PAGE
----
If you’re new to teaching online at PSU or just want to refresh your skills, this guide can help. It’s specifically for the “Online – No Scheduled Meetings” course modality. Some of its sections may not be relevant for other modalities. For a condensed version, scan the Course Management Timeline. If you don’t find what you need in this guide, contact the OAI Support Desk.

These resources have the foundational principles for this guide. You might find it helpful to review them first.

These websites are mentioned throughout this guide. They’re the online tools you’ll use most often.

  • Odin account: Official PSU login for all campus services
  • myPSU: A central place for student and faculty resources 
  • Banweb: Course roster and submission point for final grades
  • Gmail: Official PSU email
  • Canvas: PSU’s learning management system (LMS), the hub for your online course
  • Kaltura Media Space: Where you’ll upload the videos you record

Get to Know the PSU Community

PSU is unique in part because of its demographics. PSU was founded to serve veterans from WWII. These insights might help you support students and encourage them to persist in their studies. 

Keep Up with Administrative Tasks

  • Your department will process your teaching contract. The first date of your teaching contract is usually two weeks before the term begins. 
  • You’ll need access to a live Canvas shell. Typically, you’ll be enrolled in your live shell during week seven of the previous term. Contact the OAI Support Desk if you are not enrolled by week eight.
  • Verify that your department will assign you a teaching assistant (TA), if applicable.
  • You may receive an email from the Disability Resource Center (DRC) that one or more of your students has an accommodation. Review the email carefully to understand and implement each accommodation.
  • Even though your course is online, place a copy of your textbook on course reserve at the library, for students on campus — if possible. 
  • Most departments require at least one office hour appointment per week during the term. Schedule these in Canvas via Zoom and communicate them with an announcement, in your syllabus, or, if appropriate, on the Canvas course homepage. Instructors report that students don’t take advantage of online office hours. Low attendance is common. Consider these recommendations.

Get up to Speed with Technology

  • Students report that a challenge to their success is the instructor’s lack of familiarity with the required course technology. You can get up to speed by enrolling in this Canvas course: Growing with Canvas. Next, think about your technology needs and contact the library if you need to borrow any tech items to teach your course.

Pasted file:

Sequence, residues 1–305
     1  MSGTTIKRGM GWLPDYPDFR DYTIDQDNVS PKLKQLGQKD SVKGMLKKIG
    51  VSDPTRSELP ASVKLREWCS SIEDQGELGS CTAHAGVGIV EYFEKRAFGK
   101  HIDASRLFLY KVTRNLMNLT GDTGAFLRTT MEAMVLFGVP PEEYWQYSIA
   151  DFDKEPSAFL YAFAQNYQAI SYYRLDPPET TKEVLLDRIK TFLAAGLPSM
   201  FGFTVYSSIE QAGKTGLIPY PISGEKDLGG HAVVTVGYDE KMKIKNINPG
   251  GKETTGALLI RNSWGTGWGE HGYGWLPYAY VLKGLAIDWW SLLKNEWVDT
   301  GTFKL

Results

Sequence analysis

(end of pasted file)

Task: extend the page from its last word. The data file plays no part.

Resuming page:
• Have you taught in Canvas at PSU before? You can Import course materials from an existing Canvas course shell.
  • Ensure that your course materials are appropriate for the modality. Students want course materials designed for the modality. If you have publisher integrations or specialist technology, consider how to integrate them within your Canvas course shell.
  • It’s helpful to experience your course as students do. Try the Student View feature within Canvas.
  • If your course uses videos, make sure they have captions. This helps students follow along, take notes, and reinforce concepts — and it’s also necessary for Americans with Disabilities Act (ADA) accommodation.
  • Within Canvas, you can lock modules — but do it carefully and with intention. Students often report such gatekeeping issues as a barrier to their learning. 
  • When you finish setting up your Canvas course, publish it.

Start Your Term Right

It’s time to identify:

Be sure to keep these consistent throughout the term. Model your expected communication style in all course interactions and communication channels.

Next, determine where and how to communicate them. Ideally these items can be part of the syllabus. Confirm with your department whether you can change your course’s syllabus (and assignments, learning outcomes, recommended or required texts, etc.) You could also place them on your Canvas course homepage or within an introductory discussion post. Either way, consider also sending students a welcome email with any or all of this info along with how to access the course and a request to complete a pre-term survey. For a quick start, use an email template.